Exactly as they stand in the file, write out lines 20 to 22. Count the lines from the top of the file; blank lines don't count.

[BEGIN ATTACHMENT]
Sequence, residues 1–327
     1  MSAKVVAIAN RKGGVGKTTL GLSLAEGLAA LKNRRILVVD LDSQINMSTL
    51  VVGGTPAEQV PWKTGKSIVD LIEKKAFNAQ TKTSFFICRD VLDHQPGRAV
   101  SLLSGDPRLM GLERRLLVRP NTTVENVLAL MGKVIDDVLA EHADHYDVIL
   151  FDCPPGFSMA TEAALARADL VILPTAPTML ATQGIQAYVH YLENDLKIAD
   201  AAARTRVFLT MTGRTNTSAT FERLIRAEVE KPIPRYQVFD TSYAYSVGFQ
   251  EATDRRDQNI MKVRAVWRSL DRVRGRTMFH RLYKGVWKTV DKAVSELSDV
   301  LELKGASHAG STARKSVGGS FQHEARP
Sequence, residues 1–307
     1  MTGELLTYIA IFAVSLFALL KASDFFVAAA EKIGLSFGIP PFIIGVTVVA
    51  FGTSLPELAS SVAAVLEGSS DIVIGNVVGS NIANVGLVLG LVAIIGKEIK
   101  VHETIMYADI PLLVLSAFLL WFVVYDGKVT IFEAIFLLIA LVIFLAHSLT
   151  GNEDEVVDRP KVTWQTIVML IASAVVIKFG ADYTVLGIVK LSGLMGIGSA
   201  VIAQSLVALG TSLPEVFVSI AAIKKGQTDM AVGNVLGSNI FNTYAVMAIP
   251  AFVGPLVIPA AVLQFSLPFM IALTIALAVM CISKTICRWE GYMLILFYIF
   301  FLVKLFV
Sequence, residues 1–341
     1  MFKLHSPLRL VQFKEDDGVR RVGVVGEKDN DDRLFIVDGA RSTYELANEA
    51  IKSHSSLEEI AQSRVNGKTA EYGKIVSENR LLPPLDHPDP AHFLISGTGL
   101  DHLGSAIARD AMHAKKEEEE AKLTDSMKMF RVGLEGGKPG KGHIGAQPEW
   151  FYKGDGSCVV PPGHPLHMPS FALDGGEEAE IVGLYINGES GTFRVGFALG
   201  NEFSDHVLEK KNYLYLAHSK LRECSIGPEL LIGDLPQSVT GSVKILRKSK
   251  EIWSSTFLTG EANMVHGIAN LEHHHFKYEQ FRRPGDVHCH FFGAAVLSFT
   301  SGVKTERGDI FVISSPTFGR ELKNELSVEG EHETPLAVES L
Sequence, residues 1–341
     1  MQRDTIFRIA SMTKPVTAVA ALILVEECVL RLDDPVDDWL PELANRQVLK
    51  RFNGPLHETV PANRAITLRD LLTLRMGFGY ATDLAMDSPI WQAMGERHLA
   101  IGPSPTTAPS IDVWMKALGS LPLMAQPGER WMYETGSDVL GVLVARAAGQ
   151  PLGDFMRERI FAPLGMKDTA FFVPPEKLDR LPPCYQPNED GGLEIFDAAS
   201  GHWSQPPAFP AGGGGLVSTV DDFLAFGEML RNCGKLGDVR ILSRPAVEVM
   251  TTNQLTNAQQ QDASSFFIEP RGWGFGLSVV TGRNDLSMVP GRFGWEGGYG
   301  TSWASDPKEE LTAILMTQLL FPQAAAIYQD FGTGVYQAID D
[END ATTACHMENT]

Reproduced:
   101  DHLGSAIARD AMHAKKEEEE AKLTDSMKMF RVGLEGGKPG KGHIGAQPEW
   151  FYKGDGSCVV PPGHPLHMPS FALDGGEEAE IVGLYINGES GTFRVGFALG
   201  NEFSDHVLEK KNYLYLAHSK LRECSIGPEL LIGDLPQSVT GSVKILRKSK